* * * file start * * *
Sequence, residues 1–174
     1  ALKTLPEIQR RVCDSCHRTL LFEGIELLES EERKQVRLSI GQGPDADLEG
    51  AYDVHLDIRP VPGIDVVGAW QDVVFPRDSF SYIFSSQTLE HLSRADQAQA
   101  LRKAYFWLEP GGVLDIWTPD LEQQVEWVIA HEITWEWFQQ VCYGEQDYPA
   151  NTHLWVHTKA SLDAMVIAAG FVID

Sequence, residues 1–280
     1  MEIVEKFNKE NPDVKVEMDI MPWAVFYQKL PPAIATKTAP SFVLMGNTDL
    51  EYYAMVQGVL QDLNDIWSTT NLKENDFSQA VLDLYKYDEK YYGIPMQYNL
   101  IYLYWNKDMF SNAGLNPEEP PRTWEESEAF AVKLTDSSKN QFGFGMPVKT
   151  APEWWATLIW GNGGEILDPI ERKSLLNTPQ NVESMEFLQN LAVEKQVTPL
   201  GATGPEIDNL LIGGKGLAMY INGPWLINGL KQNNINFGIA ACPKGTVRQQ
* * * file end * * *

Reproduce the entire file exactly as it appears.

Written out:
Sequence, residues 1–174
     1  ALKTLPEIQR RVCDSCHRTL LFEGIELLES EERKQVRLSI GQGPDADLEG
    51  AYDVHLDIRP VPGIDVVGAW QDVVFPRDSF SYIFSSQTLE HLSRADQAQA
   101  LRKAYFWLEP GGVLDIWTPD LEQQVEWVIA HEITWEWFQQ VCYGEQDYPA
   151  NTHLWVHTKA SLDAMVIAAG FVID

Sequence, residues 1–280
     1  MEIVEKFNKE NPDVKVEMDI MPWAVFYQKL PPAIATKTAP SFVLMGNTDL
    51  EYYAMVQGVL QDLNDIWSTT NLKENDFSQA VLDLYKYDEK YYGIPMQYNL
   101  IYLYWNKDMF SNAGLNPEEP PRTWEESEAF AVKLTDSSKN QFGFGMPVKT
   151  APEWWATLIW GNGGEILDPI ERKSLLNTPQ NVESMEFLQN LAVEKQVTPL
   201  GATGPEIDNL LIGGKGLAMY INGPWLINGL KQNNINFGIA ACPKGTVRQQ